The discussion of accountability and assessment started in earnest Wednesday in Austin as Rep. Jimmie Don Aycock filed House Bill 5, which takes a swing at diploma plans, testing policies and district accountability ratings.
To combine all three topics in one bill - which will have to pass or fail on its collective merits -- raises the stakes considerably on these issues. And it puts a lot of moving parts into one bill, one that Aycock says is only a starting point for the discussion on ongoing education controversies.
Among the bill's highlights: a foundation diploma with four different endorsements; the reduction of end-of-course tests form 15 to 5, with only 2 required for graduation; and a revamp of the district accountability ratings that would combine academic, financial and community engagement ratings.
"I think we have picked a starting point for the discussion," said Aycock from the floor of the House, where lawmakers were about to honor Texas A&M University football hero Johnny Manziel. "And I have no doubt we'll be hearing from people who will advocate for more testing and people who would advocate for less. That's part of the process."
Aycock, a Killeen Republican and large-animal veterinarian, replaced Rep. Rob Eissler as the head of the House Education Committee. Eissler, who lived in The Woodlands and served multiple terms in the House, was trounced in the Republican primary by a coalition of groups that backed Tea Party favorite Steve Toth.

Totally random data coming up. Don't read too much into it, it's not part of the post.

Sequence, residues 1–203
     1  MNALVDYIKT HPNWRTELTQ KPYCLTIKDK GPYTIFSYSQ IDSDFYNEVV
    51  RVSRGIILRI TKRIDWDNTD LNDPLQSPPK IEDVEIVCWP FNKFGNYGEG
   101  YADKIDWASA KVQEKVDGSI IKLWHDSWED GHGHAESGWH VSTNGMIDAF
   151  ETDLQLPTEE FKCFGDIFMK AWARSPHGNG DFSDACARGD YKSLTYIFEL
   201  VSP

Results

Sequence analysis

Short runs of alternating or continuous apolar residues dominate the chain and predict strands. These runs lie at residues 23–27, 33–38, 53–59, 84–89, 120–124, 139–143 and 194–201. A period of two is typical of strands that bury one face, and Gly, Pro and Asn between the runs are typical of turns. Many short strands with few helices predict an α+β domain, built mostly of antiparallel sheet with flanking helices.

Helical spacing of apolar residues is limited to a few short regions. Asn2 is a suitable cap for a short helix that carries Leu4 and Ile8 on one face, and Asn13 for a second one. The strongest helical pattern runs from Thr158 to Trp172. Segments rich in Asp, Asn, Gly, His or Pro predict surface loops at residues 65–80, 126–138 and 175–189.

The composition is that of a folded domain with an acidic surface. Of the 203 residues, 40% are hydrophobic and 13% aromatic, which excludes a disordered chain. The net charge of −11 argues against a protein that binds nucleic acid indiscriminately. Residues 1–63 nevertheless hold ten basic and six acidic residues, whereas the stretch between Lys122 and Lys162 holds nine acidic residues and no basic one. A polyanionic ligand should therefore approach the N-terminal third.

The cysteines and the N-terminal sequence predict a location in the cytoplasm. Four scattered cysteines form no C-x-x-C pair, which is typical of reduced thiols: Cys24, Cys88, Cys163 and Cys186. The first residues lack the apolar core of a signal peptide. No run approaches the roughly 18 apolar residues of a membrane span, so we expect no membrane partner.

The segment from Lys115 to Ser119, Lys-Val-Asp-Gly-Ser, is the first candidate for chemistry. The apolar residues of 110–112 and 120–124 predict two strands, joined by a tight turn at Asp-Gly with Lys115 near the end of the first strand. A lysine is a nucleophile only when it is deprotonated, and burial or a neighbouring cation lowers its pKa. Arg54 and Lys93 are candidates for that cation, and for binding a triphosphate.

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David Anthony, the one-time superintendent of Cypress-Fairbanks ISD, now heads up Houston-based Raise Your Hand Texas, one of the coalition groups that will be among those at the table to negotiate a final agreement.
"When I was superintendent at Cy-Fair, I would have loved a graduation plan like the one proposed by Chairman Aycock for one simple reason -- an engaged student is a successful student," Anthony said. "This bill puts students first by giving them a single Foundation Diploma with rigor, but also the flexibility to pursue their own interests and goals. Kids have a natural curiosity that needs to be engaged to keep them on track and in school, as opposed to our current one-size-fits-all system that leads many students to lose interest and leave school."